Millions of Americans are eligible for health insurance for the first time through the Affordable Care Act, but a small segment of doctors say they want out of the third-party payer system.
The practice models vary considerably, from low-overhead cash practices to direct primary care. But the reasons for parting ways with insurance companies are pretty much the same. Physicians say they are fed up with declining payments, stacks of preauthorization forms, and the hamster wheel of 8-minute patient visits.
So they’re taking a leap of faith, tearing up their insurance contracts, and in some cases, opting out of Medicare.
"I was really scared that I wouldn’t have patients," said Dr. Juliette Madrigal-Dersch of Marble Falls, Tex., who started her own cash-only practice about 11 years ago.
For the first 6 years, Dr. Madrigal-Dersch’s internal medicine–pediatrics practice was cash only but accepted Medicare patients. But she soon realized she wanted out of Medicare too. That was the scary part for her. She said she worried that she wouldn’t have any patients over age 65 once she made the switch.
Her fears turned out to be unfounded. Although many of her Medicare patients did leave the practice, some stayed and then some returned. The ones who came back told her that they missed the long visits – typically 20 minutes to an hour – and felt like they couldn’t always get the care they wanted from other doctors who participated in Medicare.
Dr. Madrigal-Dersch, who is a past president of the Association of American Physicians and Surgeons (AAPS), is part of a growing and vocal minority of physicians who are opting out of Medicare.
The AAPS, which is outspokenly critical of the Affordable Care Act (ACA), has been hosting a series of workshops providing tips to physicians on how to move to cash-only practice and how to drop Medicare. The sessions are in high demand, said Dr. Jane Orient, AAPS executive director.
Dropping insurance and going cash only is a model that works not just for primary care physicians, but for lots of specialists too, she said, including surgeons. It can be harder to do in fields like neurology where most of the patients are older and the procedures are expensive, she added.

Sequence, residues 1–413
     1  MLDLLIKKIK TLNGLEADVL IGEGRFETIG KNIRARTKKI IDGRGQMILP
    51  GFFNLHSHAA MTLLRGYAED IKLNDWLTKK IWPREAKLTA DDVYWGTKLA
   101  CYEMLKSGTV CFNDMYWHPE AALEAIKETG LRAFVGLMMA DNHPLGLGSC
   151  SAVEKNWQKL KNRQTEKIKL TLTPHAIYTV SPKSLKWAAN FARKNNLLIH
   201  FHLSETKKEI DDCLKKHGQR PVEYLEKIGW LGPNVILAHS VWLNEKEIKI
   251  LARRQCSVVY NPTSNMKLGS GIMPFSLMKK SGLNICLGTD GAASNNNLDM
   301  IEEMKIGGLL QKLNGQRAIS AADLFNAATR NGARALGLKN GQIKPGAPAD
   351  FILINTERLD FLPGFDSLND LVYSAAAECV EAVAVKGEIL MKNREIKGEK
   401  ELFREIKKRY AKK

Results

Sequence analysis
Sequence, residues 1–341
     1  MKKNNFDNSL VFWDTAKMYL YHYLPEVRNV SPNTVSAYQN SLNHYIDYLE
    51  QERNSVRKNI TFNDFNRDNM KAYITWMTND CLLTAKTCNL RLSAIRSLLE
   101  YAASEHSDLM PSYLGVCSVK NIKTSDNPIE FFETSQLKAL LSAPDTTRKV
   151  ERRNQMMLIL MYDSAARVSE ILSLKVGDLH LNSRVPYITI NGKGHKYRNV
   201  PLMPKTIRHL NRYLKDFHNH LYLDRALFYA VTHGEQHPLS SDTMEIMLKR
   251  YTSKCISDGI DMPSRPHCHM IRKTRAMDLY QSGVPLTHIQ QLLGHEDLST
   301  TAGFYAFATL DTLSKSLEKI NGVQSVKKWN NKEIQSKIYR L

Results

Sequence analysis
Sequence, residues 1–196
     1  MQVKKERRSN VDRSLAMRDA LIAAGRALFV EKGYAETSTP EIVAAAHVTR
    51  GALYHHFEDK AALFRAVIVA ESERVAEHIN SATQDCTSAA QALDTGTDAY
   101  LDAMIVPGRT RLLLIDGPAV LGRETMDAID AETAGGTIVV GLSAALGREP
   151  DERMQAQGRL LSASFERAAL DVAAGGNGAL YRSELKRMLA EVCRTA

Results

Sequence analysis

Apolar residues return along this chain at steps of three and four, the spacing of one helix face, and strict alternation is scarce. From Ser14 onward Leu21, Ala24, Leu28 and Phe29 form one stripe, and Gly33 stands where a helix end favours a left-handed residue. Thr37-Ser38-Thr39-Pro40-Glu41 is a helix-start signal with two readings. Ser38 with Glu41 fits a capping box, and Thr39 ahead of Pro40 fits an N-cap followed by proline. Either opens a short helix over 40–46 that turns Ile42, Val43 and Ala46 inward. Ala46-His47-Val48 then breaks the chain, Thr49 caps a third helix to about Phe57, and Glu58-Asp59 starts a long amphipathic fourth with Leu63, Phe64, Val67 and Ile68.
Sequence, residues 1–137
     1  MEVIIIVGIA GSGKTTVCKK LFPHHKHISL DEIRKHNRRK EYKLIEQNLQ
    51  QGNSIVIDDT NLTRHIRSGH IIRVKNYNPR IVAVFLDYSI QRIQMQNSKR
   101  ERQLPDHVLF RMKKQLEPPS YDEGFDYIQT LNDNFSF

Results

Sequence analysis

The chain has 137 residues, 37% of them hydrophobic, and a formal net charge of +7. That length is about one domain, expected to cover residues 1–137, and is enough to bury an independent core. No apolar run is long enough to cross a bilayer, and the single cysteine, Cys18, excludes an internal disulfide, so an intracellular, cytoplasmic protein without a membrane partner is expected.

Although the number of physicians who are opting out of Medicare is still small, the momentum is growing, Dr. Orient said. "I think some of the physicians who do it want to stay under the radar, particularly with Medicare."
Federal officials have acknowledged the trend, but said it is not impacting access to care. A recent analysis from the Health and Human Services department shows that about 650,000 physicians participate in the Medicare program nationwide. In 2012, 90.7% of physicians were accepting new Medicare patients, up 87.9% in 2005, according to the report.
Dr. Lee H. Beecher, a psychiatrist and addiction specialist in St. Louis Park, Minn., said he also maintains a cash-only practice. He stopped accepting all insurance, including Medicare, about 8 years ago.
The problem, he said, is that he started to feel like an employee of the insurance companies.
"I felt that the quality and nature of my practice was being challenged and actually subverted in many ways by the third-party payer system," said Dr. Beecher, who is also the president of the Minnesota Physician-Patient Alliance, a nonprofit think tank.
The transition was pretty straightforward for him, Dr. Beecher said, because psychiatrists are paid basically for their time. Despite this, he said that it is difficult for patients to learn what psychiatric services cost. When patients asked around to find out the cost of psychiatric consultations and care at Minnesota’s large clinics, they were told that no one knew the actual cost and that the charge was determined by the patient’s insurance.
"Unless psychiatrists have direct pay practices, their fees are not visible to patients," Dr. Beecher said.
Prices on display
Price transparency is a big part of the appeal of the cash-only model, said Dr. Brian R. Forrest, a family physician in Apex, N.C., who started a direct primary care practice called Access Healthcare.
At Access, the prices for each type of office visit are displayed on a large menu in the waiting room. The most expensive visit is $59.
Patients who don’t want to pay a la carte can join the practice as "members." For a monthly membership fee of $39, a patient can come in for any reason and pay a $20 per visit fee. That fee includes most lab work.